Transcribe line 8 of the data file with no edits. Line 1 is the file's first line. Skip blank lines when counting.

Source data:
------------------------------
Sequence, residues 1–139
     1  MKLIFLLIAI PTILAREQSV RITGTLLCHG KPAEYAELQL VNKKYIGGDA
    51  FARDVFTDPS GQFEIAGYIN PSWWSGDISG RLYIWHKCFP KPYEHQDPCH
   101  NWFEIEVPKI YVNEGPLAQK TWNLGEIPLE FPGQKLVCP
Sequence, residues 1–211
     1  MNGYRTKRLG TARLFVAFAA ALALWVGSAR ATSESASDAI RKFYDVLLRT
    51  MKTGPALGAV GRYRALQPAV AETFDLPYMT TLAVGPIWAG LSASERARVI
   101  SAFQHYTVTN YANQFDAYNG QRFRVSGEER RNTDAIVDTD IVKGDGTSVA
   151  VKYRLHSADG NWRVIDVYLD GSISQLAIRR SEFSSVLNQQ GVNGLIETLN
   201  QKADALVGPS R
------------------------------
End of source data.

   101  SAFQHYTVTN YANQFDAYNG QRFRVSGEER RNTDAIVDTD IVKGDGTSVA